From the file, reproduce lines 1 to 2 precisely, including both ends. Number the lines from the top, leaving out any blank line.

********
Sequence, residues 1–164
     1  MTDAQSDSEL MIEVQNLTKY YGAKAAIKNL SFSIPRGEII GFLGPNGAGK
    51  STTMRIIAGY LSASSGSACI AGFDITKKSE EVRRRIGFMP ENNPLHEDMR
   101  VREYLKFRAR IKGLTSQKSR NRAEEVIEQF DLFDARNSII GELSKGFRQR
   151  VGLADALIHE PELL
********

Sequence, residues 1–164
     1  MTDAQSDSEL MIEVQNLTKY YGAKAAIKNL SFSIPRGEII GFLGPNGAGK